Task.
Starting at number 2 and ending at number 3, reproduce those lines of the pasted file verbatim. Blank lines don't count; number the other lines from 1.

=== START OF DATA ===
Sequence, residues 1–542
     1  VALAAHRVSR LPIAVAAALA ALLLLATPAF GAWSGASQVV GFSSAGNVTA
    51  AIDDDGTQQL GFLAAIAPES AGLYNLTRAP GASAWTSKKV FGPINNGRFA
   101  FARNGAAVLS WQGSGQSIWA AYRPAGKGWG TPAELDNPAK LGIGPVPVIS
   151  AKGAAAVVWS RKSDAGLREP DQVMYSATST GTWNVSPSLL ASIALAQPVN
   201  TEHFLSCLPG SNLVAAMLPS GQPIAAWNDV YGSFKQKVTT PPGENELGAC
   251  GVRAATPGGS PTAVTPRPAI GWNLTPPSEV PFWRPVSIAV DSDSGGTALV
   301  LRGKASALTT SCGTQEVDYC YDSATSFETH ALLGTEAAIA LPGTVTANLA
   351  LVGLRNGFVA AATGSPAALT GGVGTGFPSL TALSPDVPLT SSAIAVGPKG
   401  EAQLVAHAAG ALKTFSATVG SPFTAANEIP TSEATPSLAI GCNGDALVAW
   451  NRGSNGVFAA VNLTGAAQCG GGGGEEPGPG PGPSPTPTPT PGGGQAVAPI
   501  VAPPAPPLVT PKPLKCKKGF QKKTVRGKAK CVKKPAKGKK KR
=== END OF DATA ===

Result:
     1  VALAAHRVSR LPIAVAAALA ALLLLATPAF GAWSGASQVV GFSSAGNVTA
    51  AIDDDGTQQL GFLAAIAPES AGLYNLTRAP GASAWTSKKV FGPINNGRFA